Recession-proofing a retail empire
Tuesday, December 2, 2008/
Kristina Karlsson, the entrepreneur behind Kikki.K, explains her strategy to expand her mature business while juggling business and a new family. By AMANDA GOME
By Amanda Gome
Kristina Karlsson, the entrepreneur behind Kikki.K, explains her strategy to expand her mature business while juggling business and a new family.
Well-known entrepreneur Kristina Karlsson started the retail/stationary business Kikki.K with $3000 in 2001.
Now at 35 years old, she has 31 stores and she’s just had a baby. She reveals today her export expansion plans, her strategy for the year ahead and what it’s like juggling baby and business.
Amanda Gome: What has the last year been like? It started off well and then it has been very tough for retail.
Kristina Karlsson: We haven’t actually found it that tough yet and I hopefully not at all.
We have had a really big growth this year and I guess we see ourselves in the “lipstick” category, where you can go out of our store and have spend $40 and feel fantastic.
And there is nothing like stationery to pick up your mood if something is a bit tough, so we actually haven’t found it very tough.
So you have made stationery hot and sexy like red lipstick. So if you can do that for stationery, then can businesses do that for their products and make them recession proof?
You had 23 stores at this time last year and you’ve now got 31. Last year you had revenue of more than $20 million, so obviously your revenue has grown. Have you focused on cost cutting in preparation for a downturn?
As a business you always do that anyway. In tough times you really stop to look to make sure you don’t have costs that are not necessary. We haven’t really done anything different more than be really careful.
What about your expansion strategy during the last year, and where else have you got stores overseas?
Two weeks ago we opened in Saudi Arabia. We have New Zealand which is our company owned stores, so we have Australia and New Zealand that we own ourself and we have done a master franchise for the Middle East. We’ll have four stores in Dubai before Christmas if everything goes to plan.
How did you go about setting up the franchise?
We had a company from the Middle East contact us and wanted to do it. It happened really fast. It wasn’t the plan to go to the Middle East this year.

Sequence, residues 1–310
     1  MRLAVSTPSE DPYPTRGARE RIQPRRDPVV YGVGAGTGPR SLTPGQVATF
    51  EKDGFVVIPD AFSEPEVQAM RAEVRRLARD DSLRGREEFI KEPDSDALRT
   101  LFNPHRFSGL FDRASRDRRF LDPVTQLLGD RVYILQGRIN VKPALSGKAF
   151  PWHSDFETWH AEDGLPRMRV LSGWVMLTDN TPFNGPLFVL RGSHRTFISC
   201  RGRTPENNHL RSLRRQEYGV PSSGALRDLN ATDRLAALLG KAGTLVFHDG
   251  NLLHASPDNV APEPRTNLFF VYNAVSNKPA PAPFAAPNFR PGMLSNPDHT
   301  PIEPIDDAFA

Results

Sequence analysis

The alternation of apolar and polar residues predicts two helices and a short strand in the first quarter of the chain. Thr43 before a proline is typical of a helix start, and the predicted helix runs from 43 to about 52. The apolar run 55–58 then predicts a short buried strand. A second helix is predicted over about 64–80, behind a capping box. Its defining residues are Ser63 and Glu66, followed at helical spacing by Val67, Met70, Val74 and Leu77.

You obviously went over there and visited?
Yes, I didn’t go to Saudi but I went to Dubai, and I’ve never been to Dubai before and I was absolutely fascinated.
What’s it like, what are the opportunities?
Well it is amazing. It’s just a shopping Mecca, you could just spend days and days going from shopping centre to shopping centre. I guess the interesting thing is everything is just the best, the biggest and very different from Australia, and obviously for me being from Sweden. But fascinating. The potential there is huge. A lot of people come from all over the world to Dubai and also people travelling through. So I think that is going to open the world for us, be the first step in going global.
What was it like being a woman doing business there?
Fine. It is a Middle East company but the people I dealt with are English, so I didn’t see any difference to what I normally would.
What did you learn setting up a franchise agreement?
You have to be very detailed. You have to make sure you cover yourself. I actually heard Janine Allis (founder of Boost Juice) speak a few years ago and she said she spent a fortune on her franchise agreement and I took that on board to really get some fantastic advice.
And that process worked well because you invested the right funds?
Yes. We started in retail with no experience and so we’ve always taken a lot of advice but also being really careful as no one should take too many risks.
So we did contact people who had used this company to franchise and asked their opinion before we went ahead and took their advice on franchising.
How have you handled the huge fluctuations in the dollar this year?
Well you know what? When I started the dollar wasn’t that good so I’ve seen the really fantastic dollar as an added bonus in the last couple of years. I guess it is just the nature of business.
There is nothing you can do about it so I tend to focus on working with the suppliers obviously to get the best cost and also the best quality for that price and looking for where I can change to make it better.